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January 27, 2012     Post-Gazette
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January 27, 2012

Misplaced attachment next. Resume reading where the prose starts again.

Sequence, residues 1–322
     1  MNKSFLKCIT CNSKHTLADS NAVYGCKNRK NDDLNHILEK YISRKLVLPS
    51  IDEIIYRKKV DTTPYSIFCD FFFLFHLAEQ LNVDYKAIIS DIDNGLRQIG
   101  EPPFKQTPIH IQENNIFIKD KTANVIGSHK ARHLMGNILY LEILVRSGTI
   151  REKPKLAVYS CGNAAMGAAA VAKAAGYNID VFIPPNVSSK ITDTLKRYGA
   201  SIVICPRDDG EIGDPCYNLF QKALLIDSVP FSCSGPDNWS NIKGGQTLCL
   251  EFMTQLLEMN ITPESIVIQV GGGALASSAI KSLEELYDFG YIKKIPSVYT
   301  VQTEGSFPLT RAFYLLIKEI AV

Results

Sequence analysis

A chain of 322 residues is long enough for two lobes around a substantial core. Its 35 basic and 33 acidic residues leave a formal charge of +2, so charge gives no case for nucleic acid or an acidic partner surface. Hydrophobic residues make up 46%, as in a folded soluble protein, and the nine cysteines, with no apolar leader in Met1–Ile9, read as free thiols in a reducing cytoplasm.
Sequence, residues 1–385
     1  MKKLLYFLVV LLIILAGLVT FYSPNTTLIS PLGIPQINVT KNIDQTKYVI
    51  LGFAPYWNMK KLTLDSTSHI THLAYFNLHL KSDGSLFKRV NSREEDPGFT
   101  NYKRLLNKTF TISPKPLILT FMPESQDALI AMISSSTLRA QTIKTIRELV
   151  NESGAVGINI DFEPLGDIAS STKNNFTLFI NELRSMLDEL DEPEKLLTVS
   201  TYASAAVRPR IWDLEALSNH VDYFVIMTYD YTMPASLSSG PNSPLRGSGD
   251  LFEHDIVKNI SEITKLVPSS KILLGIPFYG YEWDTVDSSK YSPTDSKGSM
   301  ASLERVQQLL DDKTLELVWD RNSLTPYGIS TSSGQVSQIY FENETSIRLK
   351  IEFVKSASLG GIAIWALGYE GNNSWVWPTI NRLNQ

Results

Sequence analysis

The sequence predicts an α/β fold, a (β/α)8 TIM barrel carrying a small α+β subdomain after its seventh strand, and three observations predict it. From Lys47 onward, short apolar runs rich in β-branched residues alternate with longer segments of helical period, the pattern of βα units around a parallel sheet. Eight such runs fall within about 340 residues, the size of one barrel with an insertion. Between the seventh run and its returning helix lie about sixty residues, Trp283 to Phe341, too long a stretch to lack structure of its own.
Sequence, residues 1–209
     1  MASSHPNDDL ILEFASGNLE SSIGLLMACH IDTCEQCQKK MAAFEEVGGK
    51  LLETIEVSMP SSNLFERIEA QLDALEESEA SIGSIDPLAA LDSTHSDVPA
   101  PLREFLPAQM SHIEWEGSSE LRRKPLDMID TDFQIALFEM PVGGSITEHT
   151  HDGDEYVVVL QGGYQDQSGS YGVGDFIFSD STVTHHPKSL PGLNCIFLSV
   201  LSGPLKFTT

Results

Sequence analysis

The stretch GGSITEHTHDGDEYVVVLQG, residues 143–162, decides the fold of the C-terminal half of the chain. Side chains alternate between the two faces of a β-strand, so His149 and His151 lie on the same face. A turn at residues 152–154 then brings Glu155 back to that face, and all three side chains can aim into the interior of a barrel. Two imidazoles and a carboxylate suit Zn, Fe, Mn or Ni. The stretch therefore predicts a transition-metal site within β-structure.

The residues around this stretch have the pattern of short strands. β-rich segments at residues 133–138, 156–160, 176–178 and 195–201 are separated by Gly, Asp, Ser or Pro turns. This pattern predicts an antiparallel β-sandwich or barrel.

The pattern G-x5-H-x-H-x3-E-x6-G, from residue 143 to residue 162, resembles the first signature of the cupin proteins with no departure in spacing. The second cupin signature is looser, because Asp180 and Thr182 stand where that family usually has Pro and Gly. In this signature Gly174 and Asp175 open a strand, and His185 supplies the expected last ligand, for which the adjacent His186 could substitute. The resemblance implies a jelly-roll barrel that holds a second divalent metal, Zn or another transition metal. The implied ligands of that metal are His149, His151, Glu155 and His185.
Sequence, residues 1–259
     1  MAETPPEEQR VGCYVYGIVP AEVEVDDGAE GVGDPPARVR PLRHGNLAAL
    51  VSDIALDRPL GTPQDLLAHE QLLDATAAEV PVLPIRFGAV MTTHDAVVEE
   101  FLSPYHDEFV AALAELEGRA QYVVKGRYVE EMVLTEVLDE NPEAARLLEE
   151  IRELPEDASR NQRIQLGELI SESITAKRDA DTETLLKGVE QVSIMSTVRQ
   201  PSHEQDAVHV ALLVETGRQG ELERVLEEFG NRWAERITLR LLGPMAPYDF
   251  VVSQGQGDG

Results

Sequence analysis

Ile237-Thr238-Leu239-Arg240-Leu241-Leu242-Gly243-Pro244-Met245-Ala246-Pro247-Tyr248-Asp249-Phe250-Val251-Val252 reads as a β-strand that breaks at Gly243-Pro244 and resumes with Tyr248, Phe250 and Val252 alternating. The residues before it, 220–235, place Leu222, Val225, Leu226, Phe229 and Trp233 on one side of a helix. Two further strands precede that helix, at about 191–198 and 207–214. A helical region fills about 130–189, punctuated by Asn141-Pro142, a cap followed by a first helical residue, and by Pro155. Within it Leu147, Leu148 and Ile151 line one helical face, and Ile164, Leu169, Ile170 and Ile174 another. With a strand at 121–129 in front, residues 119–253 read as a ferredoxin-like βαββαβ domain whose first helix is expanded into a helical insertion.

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POST,GAZETTE, JANUARY 27, 2012 Page13 00/'anna @ 00Babb00onno Last week, I left off talk- ing about our getting ready to leave Rome. Sal, Jose, Franny and I had been there for three weeks and there was a lot more of Italy to see. On the day we were to leave, our driver brought me to the train station where the car rental agencies were located. When I had returned the FIAT, I had re-booked it for a point in time three weeks down the road and it was now three weeks later. By the time I brought the new rental to the hotel, Sal and Jose had brought our things to the sidewalk and we filled the trunk with suitcases and things we had bought along the way. Our chauffeur with the full sized Chevy followed me back just in case. We thanked him with a hefty tip for all he had done for us and then headed to the restau- rant where they had treated us like family. On the day before, we men- tioned to the restaurant owner and his wife that we were leaving the next day. We sat for an hour over a glass or two of wine while they told us the sites to see as we headed north. The next day, I drove down the hill of Via Nazionale toward the center of Rome and brought the car onto the small narrow side street where the restaurant was lo- cated. I had to park on the sidewalk, as the street was that narrow. When we en- tered to say goodbye, the owner, his wife, and the staff were preparing the offerings that their customers could expect that day. It took a half hour of hugs and kisses for all of us to say goodbye, and as we left, we were handed bags of things that they had packed for us so we wouldn't starve on the trip north. Once we found our way out of Rome, the traveling was easy as Italy has some of Europe's best highways. We first headed north hoping to see Pisa. Once we got there, we stopped on the side of the road and explored the bags of food that were given to us. A couple of hours later, we headed for the main church in Pisa to see the bell tower that stood aside of it called, The Leaning Tower of Pisa. We visited the church, the baptistery and then climbed to the top of the tower. Later, I stopped at a tourist shop and picked up a couple of post cards to send home. I knew that Babbononno would love the one with the leaning tower. I wrote his in Italian, bought the right stamps and by John Christoforo A Nostalgic Remembrance i i i I imt i i ml mailed the card right there in the store. They were ready for anything. As the afternoon wore on, we stopped at an outside card for afternoon coffee and some people watching, as .the tour- ists in Pisa seemed to be from all over the world. When it was time to leave the caf4, we decided to stay in Pisa for the night as we were all tired. The only problem was that every hotel we stopped at was sold out. We asked a traffic cop where we could find a hotel that might have rooms avail- able. He recommended one and once inside, we discov- ered that it was the type of place where you rent the rooms by the hour ... pillows extra. You could even rent a companion for an hour, if you get my drift. Franny was shocked, Actually, she was born in Italy, but in a rural area and this type of an establishment was against everything she knew. Need- less .to say, we left. I finally found a hotel with a couple of rooms and left my car in front Of the building. We walked the city late that afternoon, found a restaurant for dinner and then headed to bed, hoping to get an early start the next day. Our plan was to head to Siena, Assisi, Perugia, Bologna, Florence and Venice, in that order. When we got to the car, there was a parking ticket under the driver's side wiper. I had parked in a no parking zone. I looked at the ticket and it looked like Italian money, only bigger. It was a beautiful piece of engraving, and if you held the paper up to the light, you could see images of famous Ital- ians from the past. I found a traffic cop, as a matter of fact; it was the one who recom- mended the questionable ho- tel the day before. I showed him the parking ticket and asked where I could pay the fifty lire. He told me that, see- ing that we were tourists, he would cancel out the ticket, and asked for it back. I told him that t wanted to keep it, it was so beautiful. He replied that if I kept it, I would have to pay for it. I did, and we were on our way. For the next part of the trip, we spent a day in each of the cities I mentioned, Siena, Assisi, Bologna and Perugia. When we got to Florence, we decided to stay for a few days. Rome was the center of the Roman world and Florence, the center of the Renais- sance. We wanted to see especially the Uffizi Gallery, -- FOR YOU WHO APPRECIATE THE FINEST -- THE MUSIC FOR ALL OCCASIONS 781-648-5678 llm i Hu it i tmt,tmt one of the world's greatest museums. It, at one time, had been someone's palace. It was now one of the most famous museums for Renais- sance art and we spent almost two days visiting the rooms dedicated to the great artists, of the past. One thing impressed me to no end. We were in one of the rooms with paintings from the brush Of Leonardo Da Vinci. An old man happened to come in, an old man that reminded me of Babbononno. They were about the same size and age. This old man was dressed in a suit and tie, not something you would do in the summer heat of Florence. He carried a cane that opened into a one legged stool. He took off his hat opened his stool and sat in front of one of the Leonardo's Madonna's. As he stared at the painting, a tear came down his cheek. He was so emotional at seeing the creativity and quality of the painting, he could only express himself with a tear. I said to myself, "Now that's Italian." A tourist office outside the city had booked the rooms for us at a hotel in the middle of the city, and it was a Thursday, which meant mar- ket day. We walked the streets of the open market buying the things we had in mind for dinner, fresh bread, chunks of prosciutto, a wedge of aged provolone, fixings for a salad, olive oil, lemons, grapes and a bottle of wine from a vintner's barrel. Late that afternoon, as we sat on the balcony of one of our rooms and faced the street, we ate what I think was one of the best meals I had on that trip. It was too hot for pasta and we were actually too tired to go out again. The food we bought saved the day. For the remaining days in Florence, we visited the buildings that were syn- onymous with the Renais- sance, and of course, we had to see Michelangelo's statue of David. On the last night in town, we found a club that had a jazz group playing. Of course Sal had to say something about me being a bass player from America, and before I knew it, I was sitting in with the band. The musicians seemed well schooled and could play their instruments, but there was a feeling miss- ing that only an American has when it comes to jazz. Jazz is America's only contribution to the arts. We borrowed everything from the cultures of the world, but jazz, that's ours and only we Americans can play it and make it sound right. As the weekend ap- proached, it was time to hit the road again, but before we left Florence, I called home, spoke to both my parents and then told Babbononno what Florence was like in the 20 th century Our next major stop would be Venice. TO BE CONTINUED and may GOD BLESS AMERICA. O'Flaherty Asks MBTA to (Continued from Page 4) working constituents the only affordable means of transportation to their places of employment. An elimination of this route would leave these constitu- encies with no feasible transportation alternatives. Residents of Charlestown and surrounding urban mu- nicipalities as well as sub- urban commuters have come to rely greatly on the ferry service. The ferry brings commuters to and from downtown Boston and also services tourists visit- ing the Bunker Hill Monu- ment, the USS Constitution and many restaurants and shops along its historic streets. Additionally, the ferry is crucial to the newly- constructed Spaulding Re- habilitation Hospital that is being opened in the spring of 2013 in the Charlestown Navy Yard. Public transpor- tation was pivotal to the hospital's LEED Green certi- fication and service will be important to many employ- Reconsider ees and visitors to this world renowned facility. Currently, many residents of the Navy Yard and commuters from surrounding area that park in the Yard's public garages depend on the ferry service for access to their employ- ment and its usage allevi- ates the congestion associ- ated with downtown rush hour traffic. Thank you for your time and attention to this impor- tant matter. I reiterate my intent and offer to work on developing a solution that addresses the revenue shortfall faced by the MBTA while still allowing for a quality public transportation system. In working towards that goal, I respectfully ask that you hold in abeyance any decisions already made and in so doing rely on the arguments I proffer on be- half of my constituents. Very truly yours, EUGENE L. O,FLAHERTY State Representative, 2 "d Suffolk District La Befana (Continued from pany the Wise Men to bring gifts to the Baby Jesus. She decided not to join them bet cause she had housework to do. She later decided to fol- low them but could not catch up with them. ' Thinking of the 0pportunity she had missed, La Befana stopped every child to give them a small gift in hopes that one of them was the Baby Jesus. As legend has it, each year on the Eve of the Epiphany La Befana sets out to look for the Baby Jesus. She stops at each child's house to leave treats to the children who have been good and a lump of coal to those who have been bad. F Page 3) This story teaches our chil- dren customs and traditions from our o/d paese. It is up to us to pass them along to our future generations so they will not be forgotten. Donne 2000 is a non-profi t organization formed prima- rily to educate and benefit women and celebrate and preserve our Italian tradi- tions and customs from gen- eration to generation. Donne 2000 will celebrate their Festa Delle Donne Scholarship Fundraiser on March 11, 2012 at Venezia's Restaurant. For further in- formation, email Rita at or Doreen at doreeng869@aol, com. Boston Harborside Home Joseph A. Langone 580 Commercial St. - Boston, MA 02109 617-536-4110 Augustave M. SabiG Jr. Trevor Slauenwhite Frederick J. Wobrock Dino C. Manca Courtney A. Fitzgibbons A Service Family Affiliate of AFFS/Service Corporation International 206 Winter St., Falt River, MA 02720 Telephone 508-676-2454 On Sale Now.* THE NORTH END Where It All Began The Way It Was by Fred Langone SALE PRICE $19.95 Plus Shipping & Handling On Site at The Post-Gazette 5 Prince Street, North End, Boston, MA I ' " 7 " T-- !, -r- "=  - " - ' : :=:r  = .... IIIIIIII1N gNNlliII II,I[t]Ilg,[T]IIIlINIIllIIEIllliIIIN II[i I,,  g I q tTlIll, 1 T] I ' [ [  1IT i] :ii ,I'1 ::r"illlrl